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Dallas SSDI attorneysAccording to a report from the agency's inspector general, Social Security has overpaid disability benefits recipients by $17 billion over the last decade. The discovery has added fuel to the debate lawmakers are already having concerning the program's future.

AsThe Chicago Tribune reports, the ten-year investigation found that Social Security has continually paid benefits to those who made too much money to qualify for disability. Payments were also regularly issued to those who were no longer disabled, were in prison, or had died. The study also claimed that Social Security was able to recover about $8.1 billion of the accidentally issued money, but that the recouping process can take years to complete.

The new report has already inspired more criticism from Republicans, who want the Social Security Disability system dismantled. "Every dollar that goes to overpayments doesn't help someone in need," Republican Senator Chuck Grassley of Iowa told the press. "Given the present financial situation of the Social Security Disability Insurance trust fund, the program cannot sustain billions of dollars lost to waste."


Dallas SSDI attorneysWhen they won a majority in congress during the 2014 mid-term elections, Republicans almost immediately went to work to attack the Social Security Disability program. They moved to block replenishing funds from the Old-Age Survivors Insurance Fund (Social Security Retirement fund) until Democrats agreed to fiscal cuts. Without the transfer of funds between the two accounts, SSDI would run out in 2016, leaving countless citizens without the benefits that they need.

Now, just last month, Democrats have fired back with an unexpected proposal that would end long-standing contention between the two funds: combine them. As Talking Points Memo reports, the proposal to merge Social Security Retirement and Disability funds would not only make Social Security solvent until 2033, but also reap a number of other benefits.

Most notably, experts believe that combining the Social Security programs would help public perception of the programs-which are commonly seen as one body, anyway. "2034 [deadline] is for retirement, 2016 [deadline] is for disability, but way too often the public just hears one number and so for many they don't actually understand that they're two separate programs, they just think it's one program," Jason Fichtner of George Mason University Mercaucs Center told TPM.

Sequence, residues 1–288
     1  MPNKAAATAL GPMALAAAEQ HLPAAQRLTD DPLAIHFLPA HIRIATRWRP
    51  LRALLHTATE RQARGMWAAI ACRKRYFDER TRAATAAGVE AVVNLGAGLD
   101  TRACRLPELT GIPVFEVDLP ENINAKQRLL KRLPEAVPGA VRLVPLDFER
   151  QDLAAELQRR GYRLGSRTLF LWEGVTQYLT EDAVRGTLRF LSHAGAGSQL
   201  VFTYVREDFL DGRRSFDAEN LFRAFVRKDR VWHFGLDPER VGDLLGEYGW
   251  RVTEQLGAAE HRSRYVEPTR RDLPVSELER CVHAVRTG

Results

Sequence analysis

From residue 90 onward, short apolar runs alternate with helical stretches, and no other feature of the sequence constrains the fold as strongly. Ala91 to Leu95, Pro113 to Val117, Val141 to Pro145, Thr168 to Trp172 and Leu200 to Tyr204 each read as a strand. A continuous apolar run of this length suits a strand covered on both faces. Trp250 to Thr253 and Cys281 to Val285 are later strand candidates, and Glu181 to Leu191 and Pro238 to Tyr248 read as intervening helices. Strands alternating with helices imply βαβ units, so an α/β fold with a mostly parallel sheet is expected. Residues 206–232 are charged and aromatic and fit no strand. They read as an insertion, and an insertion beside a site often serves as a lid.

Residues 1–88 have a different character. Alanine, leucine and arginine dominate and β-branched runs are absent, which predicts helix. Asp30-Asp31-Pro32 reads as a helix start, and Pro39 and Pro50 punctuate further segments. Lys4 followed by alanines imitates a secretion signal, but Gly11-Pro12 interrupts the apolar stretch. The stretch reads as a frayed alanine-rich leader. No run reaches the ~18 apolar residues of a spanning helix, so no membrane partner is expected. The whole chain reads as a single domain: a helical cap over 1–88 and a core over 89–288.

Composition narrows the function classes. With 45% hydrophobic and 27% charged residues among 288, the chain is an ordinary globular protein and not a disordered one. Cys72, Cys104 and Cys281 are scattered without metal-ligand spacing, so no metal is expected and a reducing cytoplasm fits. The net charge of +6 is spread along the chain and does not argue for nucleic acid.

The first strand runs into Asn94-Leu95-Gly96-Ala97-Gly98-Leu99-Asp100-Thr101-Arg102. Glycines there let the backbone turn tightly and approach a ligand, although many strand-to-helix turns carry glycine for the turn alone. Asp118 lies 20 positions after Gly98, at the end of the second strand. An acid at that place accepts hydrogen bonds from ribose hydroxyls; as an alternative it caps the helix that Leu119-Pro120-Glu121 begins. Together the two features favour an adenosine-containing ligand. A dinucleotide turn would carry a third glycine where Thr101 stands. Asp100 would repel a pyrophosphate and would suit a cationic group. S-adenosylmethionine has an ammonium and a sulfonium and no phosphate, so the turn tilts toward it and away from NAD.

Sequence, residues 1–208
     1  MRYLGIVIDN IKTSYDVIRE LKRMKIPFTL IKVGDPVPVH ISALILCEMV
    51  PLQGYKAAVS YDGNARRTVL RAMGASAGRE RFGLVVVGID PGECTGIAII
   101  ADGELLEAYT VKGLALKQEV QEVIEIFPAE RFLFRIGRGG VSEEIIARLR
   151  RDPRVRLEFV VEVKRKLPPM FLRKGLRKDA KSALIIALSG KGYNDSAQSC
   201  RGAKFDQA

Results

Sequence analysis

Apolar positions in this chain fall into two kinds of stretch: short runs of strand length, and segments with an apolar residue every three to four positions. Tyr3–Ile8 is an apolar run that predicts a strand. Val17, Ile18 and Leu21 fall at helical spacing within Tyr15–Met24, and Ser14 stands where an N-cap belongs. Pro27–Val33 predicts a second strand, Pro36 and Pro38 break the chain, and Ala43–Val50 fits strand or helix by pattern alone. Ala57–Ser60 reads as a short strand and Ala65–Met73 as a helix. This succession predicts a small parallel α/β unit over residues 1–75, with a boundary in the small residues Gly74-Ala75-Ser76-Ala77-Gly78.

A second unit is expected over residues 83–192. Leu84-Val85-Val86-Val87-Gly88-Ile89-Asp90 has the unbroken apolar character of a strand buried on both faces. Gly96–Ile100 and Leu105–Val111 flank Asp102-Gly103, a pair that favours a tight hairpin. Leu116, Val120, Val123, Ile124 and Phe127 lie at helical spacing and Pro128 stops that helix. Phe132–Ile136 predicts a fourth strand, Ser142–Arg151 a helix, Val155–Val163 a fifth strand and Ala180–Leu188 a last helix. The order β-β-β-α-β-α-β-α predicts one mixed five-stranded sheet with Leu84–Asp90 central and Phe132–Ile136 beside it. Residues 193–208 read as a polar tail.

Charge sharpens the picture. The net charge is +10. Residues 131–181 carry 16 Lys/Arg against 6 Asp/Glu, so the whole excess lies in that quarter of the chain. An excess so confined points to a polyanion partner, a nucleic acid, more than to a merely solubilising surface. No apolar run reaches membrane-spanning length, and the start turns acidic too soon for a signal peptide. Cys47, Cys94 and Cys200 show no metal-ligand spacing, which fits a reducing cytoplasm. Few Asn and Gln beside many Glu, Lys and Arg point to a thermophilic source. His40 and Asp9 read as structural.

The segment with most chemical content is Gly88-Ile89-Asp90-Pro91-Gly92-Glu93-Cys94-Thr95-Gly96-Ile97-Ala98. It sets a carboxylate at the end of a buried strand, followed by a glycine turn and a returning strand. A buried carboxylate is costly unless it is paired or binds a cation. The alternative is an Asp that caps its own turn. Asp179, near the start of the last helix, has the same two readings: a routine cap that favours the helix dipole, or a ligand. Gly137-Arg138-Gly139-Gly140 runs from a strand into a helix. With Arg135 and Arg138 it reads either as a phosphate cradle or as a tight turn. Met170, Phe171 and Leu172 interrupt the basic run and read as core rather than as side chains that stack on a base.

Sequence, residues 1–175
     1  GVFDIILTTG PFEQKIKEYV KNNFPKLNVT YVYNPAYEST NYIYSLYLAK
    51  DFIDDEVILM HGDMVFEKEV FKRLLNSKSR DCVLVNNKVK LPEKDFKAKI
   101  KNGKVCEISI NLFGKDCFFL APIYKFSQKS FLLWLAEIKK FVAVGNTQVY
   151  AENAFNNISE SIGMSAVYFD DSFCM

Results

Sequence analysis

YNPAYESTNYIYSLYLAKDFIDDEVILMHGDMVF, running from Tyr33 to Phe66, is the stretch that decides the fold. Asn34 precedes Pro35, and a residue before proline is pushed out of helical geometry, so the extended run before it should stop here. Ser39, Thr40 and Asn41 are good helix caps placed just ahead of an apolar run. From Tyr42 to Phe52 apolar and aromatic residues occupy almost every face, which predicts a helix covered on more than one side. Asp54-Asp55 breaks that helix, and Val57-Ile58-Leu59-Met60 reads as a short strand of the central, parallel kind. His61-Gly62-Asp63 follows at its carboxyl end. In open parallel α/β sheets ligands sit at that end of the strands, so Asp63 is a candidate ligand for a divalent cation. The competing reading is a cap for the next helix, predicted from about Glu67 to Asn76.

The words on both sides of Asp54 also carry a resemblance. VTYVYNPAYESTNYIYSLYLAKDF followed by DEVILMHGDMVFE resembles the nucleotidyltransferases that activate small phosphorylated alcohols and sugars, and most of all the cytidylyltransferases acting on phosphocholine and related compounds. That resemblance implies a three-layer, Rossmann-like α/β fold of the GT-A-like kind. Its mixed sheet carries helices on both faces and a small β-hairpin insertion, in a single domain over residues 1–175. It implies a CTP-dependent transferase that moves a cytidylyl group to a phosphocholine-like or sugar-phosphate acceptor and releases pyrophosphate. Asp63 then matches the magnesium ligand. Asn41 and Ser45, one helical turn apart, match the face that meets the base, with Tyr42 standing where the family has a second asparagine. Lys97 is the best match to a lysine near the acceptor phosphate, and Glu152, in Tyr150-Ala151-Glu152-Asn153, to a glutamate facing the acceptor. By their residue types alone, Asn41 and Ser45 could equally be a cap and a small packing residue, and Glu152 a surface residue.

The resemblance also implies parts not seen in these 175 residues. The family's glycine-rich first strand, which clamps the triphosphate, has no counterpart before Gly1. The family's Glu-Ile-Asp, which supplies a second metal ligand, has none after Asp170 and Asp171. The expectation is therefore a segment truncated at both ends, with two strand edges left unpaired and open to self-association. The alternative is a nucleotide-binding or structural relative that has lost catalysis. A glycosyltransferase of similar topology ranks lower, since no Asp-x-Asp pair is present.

Dallas SSDI attorneysSome individuals receiving Social Security benefits must pay federal income taxes. The tax is computed only if you have substantial income. That income can include wages from work, self employment, interest dividends and other income. It is important to note that no one pays taxes on more than 85 percent of their Social Security benefits.

If you file an individual federal tax return, you must pay taxes on some portion of your benefits if your combined income exceeds $25,000. If you file a joint return, you must pay taxes if you and your spouse have combined income of more than $32,000. If you are married and file a separate return, you probably will have to pay taxes on your benefits. You can read more about tax preparation relating to Social Security benefits at www.socialsecurity.gov/planners/taxes.htm.

Social Security benefits include retirement, survivor and disability benefits. Those individuals who only receive Supplemental Security Income (SSI) payments do not have to worry about paying federal taxes as SSI benefits are not taxable.

Dallas SSDI attorneysThe Veterans Choice Act was authorized by Congress to address the health care access issues faced by Veterans. The Act authorized a fund to operate for three years to provide Veterans who were enrolled as of August 1, 2014 or who were eligible to enroll as a recently discharged combat Veteran.

The Act would provide Veterans with a Veterans Choice Card. The program was designed to allow Veterans to obtain medical care from private physicians when the Veteran lives at least 40 miles from a VA health care facility OR if they face a wait of more than thirty (30) days for an appointment.

The Veterans Choice, Access and Accountability Act of 2014 was signed into law. Since its enactment, approximately 8.5 million veterans nationwide have received cards. Unfortunately, only 0.37 percent of the Veterans have been authorized access to private care.


Will the VA Reach Its 2015 Goal?

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Dallas SSDI attorneysIn 2013, the U.S. Department of Veterans Affairs (VA) reported that it had a staggering 600,000 veteran benefits claims backlogged, waiting to be seen and reviewed. The shocking number, attributed to a surge in new claims from Vietnam veterans' Agent Orange claims, grabbed headlines and spurned the agency into setting a lofty goal in 2015: to work through its entire backlog of claims and make sure that the veterans who have applied get the assistance they need.

A new report from the Houston Chronicle details the renewed efforts by the VA to improve its efficiency and eliminate waiting times for veteran applicants. They have reported:

  • They currently has approximately 235,700 back logged claims
  • The VA has processed more than a million claims a year for four years
  • The Houston VA office (serving all of Texas), has reduced its total number of standing claims by 64% since 2013

Still politicians and experts are skeptical that the VA will be able to hit its 2015 goal. As Jim Richman, Director of Claims Representation & Counseling for the Texas Veterans Commission told the Houston Chronicle, achieving the proposed efficiency under the current processing system is "science fiction."

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